Debbie's success started one day in 1967 when she was invited to compete in Kelowna, B.C., where she had her first opportunity to jump into a foam-rubber pit, a necessity for backward landing. "That day I improved from 4'8" to 4'11"," she recalls. "I thought I was doing the scissors, but in fact I was kind of going sideways, laying out over the bar. Everybody said, 'Do you know you are going over backwards?' At first I didn't like to be different, but then it became kind of fun."

Later that year Pugh, who also coaches the Canadian national team, saw her jump for the first time. "I was fascinated," he recalls, "but I kept thinking: Why doesn't she run up to the bar in an arc as Fosbury does? She had an almost straight approach. I thought about it for four nights. Then it became clear to me: she was right and I was wrong. Her approach was far more efficient than Fosbury's."

Fortunately, Debbie's father and Pugh have the same philosophy. "I believe a coach's role, like a parent's, should be to kick the fledgling out of the nest as soon as possible," Pugh says. "A coach should never be a crutch. I don't believe in Svengali coaches. Debbie comes to Vancouver once a week and I coach her for 2½ hours. Then I give her a program for the rest of the week. She has to be able to stand on her own two feet. Her jump was already perfect when she came to me. All I could do was give her a more stable approach and give her a taste of what hard work is really like. I am an egotist, and I would like to feel that I have produced her, but that is not so. An experienced athlete contributes as much as the coach does, and Debbie has already contributed more than I."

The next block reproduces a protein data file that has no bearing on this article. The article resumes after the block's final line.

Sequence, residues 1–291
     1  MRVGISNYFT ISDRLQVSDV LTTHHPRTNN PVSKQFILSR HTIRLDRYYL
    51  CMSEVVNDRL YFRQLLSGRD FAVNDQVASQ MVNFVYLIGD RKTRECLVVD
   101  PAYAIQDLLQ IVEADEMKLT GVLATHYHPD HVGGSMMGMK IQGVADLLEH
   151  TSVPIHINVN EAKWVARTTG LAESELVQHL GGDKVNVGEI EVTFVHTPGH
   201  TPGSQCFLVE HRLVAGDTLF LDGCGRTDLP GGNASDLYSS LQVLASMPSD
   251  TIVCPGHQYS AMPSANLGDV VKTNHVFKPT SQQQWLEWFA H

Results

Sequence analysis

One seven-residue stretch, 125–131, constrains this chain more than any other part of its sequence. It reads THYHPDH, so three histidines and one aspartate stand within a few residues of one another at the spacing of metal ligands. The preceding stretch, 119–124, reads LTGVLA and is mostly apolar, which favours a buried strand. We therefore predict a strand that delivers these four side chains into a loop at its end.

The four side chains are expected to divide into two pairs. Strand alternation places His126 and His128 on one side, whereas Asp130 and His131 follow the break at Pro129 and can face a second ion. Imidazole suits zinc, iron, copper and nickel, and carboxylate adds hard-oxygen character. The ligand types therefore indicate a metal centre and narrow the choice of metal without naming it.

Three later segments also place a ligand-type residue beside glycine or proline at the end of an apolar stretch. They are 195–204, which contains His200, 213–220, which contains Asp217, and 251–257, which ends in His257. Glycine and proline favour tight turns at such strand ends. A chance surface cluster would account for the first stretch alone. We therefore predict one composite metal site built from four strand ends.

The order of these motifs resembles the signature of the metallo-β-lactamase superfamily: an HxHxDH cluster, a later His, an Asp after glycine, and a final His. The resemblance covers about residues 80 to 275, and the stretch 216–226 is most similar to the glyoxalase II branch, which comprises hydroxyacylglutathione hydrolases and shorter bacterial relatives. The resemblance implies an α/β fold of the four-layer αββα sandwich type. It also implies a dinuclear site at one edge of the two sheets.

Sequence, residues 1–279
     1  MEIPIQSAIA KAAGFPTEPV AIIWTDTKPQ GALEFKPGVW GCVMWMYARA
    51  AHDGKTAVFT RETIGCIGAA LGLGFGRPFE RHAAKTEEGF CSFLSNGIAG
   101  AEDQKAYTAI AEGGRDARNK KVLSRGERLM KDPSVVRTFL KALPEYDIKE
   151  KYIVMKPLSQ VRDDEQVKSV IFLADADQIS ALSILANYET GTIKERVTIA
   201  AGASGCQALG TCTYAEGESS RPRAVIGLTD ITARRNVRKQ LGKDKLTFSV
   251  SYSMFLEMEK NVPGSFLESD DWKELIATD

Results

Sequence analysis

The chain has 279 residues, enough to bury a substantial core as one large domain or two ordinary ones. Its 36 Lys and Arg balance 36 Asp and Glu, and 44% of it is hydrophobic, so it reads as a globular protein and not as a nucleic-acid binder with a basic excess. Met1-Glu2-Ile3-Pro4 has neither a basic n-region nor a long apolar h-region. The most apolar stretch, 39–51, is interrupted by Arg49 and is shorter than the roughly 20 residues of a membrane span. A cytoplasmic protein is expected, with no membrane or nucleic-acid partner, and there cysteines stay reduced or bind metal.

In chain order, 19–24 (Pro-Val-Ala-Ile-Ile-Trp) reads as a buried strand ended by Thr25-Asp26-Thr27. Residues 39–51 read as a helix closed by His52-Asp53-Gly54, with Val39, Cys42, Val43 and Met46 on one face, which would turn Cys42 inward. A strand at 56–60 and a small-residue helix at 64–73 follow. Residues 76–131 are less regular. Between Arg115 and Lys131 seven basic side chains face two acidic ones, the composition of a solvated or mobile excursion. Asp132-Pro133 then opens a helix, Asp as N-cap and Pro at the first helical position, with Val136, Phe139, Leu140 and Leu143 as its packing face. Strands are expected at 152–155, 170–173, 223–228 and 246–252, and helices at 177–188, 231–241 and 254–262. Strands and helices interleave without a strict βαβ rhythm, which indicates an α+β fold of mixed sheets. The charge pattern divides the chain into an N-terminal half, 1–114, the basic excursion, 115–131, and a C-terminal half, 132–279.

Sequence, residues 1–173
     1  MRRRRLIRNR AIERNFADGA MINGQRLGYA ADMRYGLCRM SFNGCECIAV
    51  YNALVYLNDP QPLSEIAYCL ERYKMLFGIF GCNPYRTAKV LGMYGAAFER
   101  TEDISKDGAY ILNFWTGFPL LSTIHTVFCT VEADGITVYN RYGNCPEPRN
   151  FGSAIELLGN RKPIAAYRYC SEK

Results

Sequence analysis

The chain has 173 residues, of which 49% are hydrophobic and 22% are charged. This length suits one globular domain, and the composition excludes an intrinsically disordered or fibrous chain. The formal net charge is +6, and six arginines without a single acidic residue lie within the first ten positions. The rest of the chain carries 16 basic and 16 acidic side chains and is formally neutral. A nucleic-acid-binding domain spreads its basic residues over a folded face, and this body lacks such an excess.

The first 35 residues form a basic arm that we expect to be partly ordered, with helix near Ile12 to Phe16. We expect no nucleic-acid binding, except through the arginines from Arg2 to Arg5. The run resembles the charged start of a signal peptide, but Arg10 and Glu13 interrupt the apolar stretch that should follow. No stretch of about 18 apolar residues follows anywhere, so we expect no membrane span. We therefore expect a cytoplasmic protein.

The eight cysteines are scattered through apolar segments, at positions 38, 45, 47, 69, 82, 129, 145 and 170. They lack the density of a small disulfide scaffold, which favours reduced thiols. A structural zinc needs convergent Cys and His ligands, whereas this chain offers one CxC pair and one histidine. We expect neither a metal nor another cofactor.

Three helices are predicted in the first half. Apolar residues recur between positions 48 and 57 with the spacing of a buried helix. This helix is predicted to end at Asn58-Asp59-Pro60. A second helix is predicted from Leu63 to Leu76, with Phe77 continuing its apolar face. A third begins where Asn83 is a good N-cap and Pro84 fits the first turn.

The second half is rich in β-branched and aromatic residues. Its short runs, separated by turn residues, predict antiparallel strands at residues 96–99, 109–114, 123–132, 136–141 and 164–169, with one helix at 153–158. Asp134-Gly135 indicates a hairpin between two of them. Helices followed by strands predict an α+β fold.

Pugh has converted other hapless jumpers to the bend. Debbie's teammate Brenda Steffanson improved from 5'4" to 5'8" after she abandoned the straddle, and John Hawkins won a silver medal at last year's Commonwealth Games with a bend jump of 6'11½", a Canadian record and nine inches over his best straddle jump.

As for Debbie, her goals are as high as the cedars in Haney. "I think I can do 6'6" one day," she says. "If a man can jump way over his own height, so should a woman. I don't think I can do it right now, because I don't have the strength; I mean, the kind of strength you get when you get older. I even think about seven feet, but it's kind of a dream."

Two weeks ago Debbie was again in Toronto for the Maple Leaf Games. She had a late lunch with John Dobroth, a straddle jumper from Los Angeles. Debbie ordered a huge bowl of sliced bananas with cream. Dobroth winced. "Those bananas will make your stomach feel nice and heavy," he said. "I would just faint without them," said Debbie. "I'd be standing there, ready to jump, thinking, 'Oh, I'm so hungry.' "

Debbie was the only girl to clear 5'10" that night. It looked easy: nine light-footed steps toward the bar; a twist; the bend with her hips over the bar, her head and legs low on either side of it; then a jackknife, bringing her head up, her back down and her legs over.

"If she bends, so shall she unbend," said Pugh. "It's the Newton doctrine, a very efficient jump."

Debbie had the bar raised to 6'1", which would have meant a new personal best and a new Canadian record, but she brushed it off three times. "It would have been no good going to only six feet," she said, visibly annoyed. "I have made that often enough."